1. Calculate the ECEF and FE coordinates of the observer locations
2. Calculate the local coordinate systems, east-north-up (ENU) in ECEF and FE coordinates
3. Calculate the direction of the line of sights from the azimuth and elevation angles in ECEF and FE coordinates
4. Calculate the location on the lines that have the smallest possible distance between them

### Observer Locations in ECEF Coordinates

Using the latitude and longitude angle and the radius of the earth we can use trigonometry to calculate the vector from the center of the earth to the location on the surface of the earth in ECEF cartesian coordinates. This vectors are the positions P1 and P2 of the observers transformed from lat/long into the ECEF coordinate system.

I approximate the earth by a perfect sphere for all calculations. To get more accurate results I would have to use the more complicated ellipsoid equations. But since the orbit does vary slighly due to a small inclination angle of 0.03° and a small excentricity, the approximation is good enough.

Note: Coordinate system transformations like the following do not change the 3D positions and vectors. Coordinate system transformation only express the same vectors with respect to another reference system. So the coordinates of the vectors change, e.g. from (latitude, longitude, elevation) to (x,y,z). But the lengths of the vectors and the distances between vectors or positions are maintained. This is not the case for Projections, i.e. from the globe to the flat earth. That's why all flat earth map distances are wrong.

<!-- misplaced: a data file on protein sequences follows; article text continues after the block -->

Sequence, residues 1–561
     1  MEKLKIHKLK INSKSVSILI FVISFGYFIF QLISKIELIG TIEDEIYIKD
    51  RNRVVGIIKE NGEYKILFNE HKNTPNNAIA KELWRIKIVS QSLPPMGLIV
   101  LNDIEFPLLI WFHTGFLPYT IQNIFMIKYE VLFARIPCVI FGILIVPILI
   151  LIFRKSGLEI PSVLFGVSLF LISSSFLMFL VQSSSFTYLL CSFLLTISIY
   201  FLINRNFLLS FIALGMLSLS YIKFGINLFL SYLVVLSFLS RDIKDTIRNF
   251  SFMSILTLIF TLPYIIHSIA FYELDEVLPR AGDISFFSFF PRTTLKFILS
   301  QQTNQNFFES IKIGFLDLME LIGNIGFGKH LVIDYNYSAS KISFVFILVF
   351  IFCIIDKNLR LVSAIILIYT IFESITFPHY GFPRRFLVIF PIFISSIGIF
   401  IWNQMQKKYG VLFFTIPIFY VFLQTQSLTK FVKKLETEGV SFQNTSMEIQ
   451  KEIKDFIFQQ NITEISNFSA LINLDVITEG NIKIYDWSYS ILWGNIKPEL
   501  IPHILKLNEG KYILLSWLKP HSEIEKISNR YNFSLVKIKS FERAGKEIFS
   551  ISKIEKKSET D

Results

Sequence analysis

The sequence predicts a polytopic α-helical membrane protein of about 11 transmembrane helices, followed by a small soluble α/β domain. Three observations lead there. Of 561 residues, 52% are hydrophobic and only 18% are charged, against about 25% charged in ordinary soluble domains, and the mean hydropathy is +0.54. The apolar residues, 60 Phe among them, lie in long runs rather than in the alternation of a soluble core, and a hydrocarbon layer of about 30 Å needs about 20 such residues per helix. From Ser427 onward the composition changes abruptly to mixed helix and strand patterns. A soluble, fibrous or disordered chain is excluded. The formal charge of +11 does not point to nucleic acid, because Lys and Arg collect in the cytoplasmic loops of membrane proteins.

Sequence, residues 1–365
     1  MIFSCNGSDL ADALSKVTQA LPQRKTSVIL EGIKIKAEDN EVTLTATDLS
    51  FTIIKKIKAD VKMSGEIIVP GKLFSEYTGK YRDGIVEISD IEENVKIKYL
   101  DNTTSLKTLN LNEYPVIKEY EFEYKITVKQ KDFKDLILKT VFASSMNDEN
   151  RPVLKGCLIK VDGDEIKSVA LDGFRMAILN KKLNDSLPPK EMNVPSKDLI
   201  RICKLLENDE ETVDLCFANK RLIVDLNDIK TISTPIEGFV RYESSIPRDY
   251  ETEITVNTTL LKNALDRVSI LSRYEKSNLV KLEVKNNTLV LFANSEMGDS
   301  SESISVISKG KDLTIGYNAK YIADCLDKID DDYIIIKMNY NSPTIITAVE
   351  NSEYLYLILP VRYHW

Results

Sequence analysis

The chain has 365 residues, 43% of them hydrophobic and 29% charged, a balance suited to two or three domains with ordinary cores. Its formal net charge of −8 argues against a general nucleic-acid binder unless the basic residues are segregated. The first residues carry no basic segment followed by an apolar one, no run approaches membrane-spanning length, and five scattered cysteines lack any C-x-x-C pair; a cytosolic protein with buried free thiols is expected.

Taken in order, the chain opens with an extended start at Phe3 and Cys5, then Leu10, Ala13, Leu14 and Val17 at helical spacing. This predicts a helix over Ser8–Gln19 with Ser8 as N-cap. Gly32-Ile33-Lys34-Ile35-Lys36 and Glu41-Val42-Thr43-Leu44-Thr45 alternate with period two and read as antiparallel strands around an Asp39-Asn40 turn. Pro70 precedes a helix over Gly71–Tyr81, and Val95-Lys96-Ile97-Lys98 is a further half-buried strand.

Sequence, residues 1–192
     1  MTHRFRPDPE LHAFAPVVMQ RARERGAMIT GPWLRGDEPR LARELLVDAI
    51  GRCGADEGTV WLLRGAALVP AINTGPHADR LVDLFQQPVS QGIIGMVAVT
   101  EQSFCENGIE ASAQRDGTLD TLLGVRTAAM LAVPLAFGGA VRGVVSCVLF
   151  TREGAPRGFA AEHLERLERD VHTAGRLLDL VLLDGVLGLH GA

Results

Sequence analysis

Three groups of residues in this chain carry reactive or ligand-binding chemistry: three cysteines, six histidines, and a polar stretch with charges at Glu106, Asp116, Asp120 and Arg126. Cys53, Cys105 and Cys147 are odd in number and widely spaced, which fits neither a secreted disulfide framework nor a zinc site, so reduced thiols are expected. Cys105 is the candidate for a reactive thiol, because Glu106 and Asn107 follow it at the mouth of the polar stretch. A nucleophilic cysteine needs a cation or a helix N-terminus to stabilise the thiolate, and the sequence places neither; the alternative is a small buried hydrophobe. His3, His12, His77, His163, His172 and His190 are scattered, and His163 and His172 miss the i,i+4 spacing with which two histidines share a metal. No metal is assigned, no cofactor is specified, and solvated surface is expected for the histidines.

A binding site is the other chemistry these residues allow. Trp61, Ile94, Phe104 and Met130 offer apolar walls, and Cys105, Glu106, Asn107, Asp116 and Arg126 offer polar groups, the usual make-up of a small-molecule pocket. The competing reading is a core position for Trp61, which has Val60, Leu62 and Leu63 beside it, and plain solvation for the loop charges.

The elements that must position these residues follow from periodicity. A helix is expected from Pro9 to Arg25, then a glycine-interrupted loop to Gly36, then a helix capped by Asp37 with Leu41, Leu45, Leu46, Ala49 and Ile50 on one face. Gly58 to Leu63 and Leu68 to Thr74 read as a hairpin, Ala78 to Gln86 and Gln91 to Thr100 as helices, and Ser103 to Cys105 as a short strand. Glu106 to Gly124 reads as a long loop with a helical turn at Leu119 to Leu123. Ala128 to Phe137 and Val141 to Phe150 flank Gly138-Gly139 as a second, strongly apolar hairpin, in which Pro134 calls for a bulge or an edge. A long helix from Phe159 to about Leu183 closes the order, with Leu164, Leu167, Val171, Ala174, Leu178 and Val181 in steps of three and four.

Coordinate system transformation from latitude/longitude to ECEF cartesian globe coordinates:

(2)
where'
 $\mathbf{P}$ ' =' 'observer location in ECEF cartesian coordinates $h$ ' =' 'observer elevation $R$ ' =' '6371 km = radius of the earth $\varphi$ ' =' 'latitude of observer in radian $\lambda$ ' =' 'longitude of observer in radian

Note: Letters in boldface denote vector quantities, like P with its 3 components (Px, Py, Pz).

### Observer Locations in FE Coordinates

Using the latitude and longitude angle and the radius of the flat earth π·R we can use trigonometry to calculate the vectors pointing from the north pole to the observer locations on the surface of the flat earth in FE cartesian coordinates.

Note: because the (latitude, longitude, elevation) vectors are measured on the globe model, the following calculation is NOT a coordinate system transformation, but a Projection. It changes the lengths of vectors and the distances between vectors and positions. A coordinate system transormation would not project the globe surface locations onto the flat earth surface, as flat earther unconsciously do when they simply interpret globe coordinates as flat earth coordinates.

But we want to see what happens if we simply interpret the globe latitude and longitude coordinates of observers as flat earth latitudes and longitudes. This is technically a Projection transformation. We want to see whether measurements done in reality give consistent results in both models or if one model fails.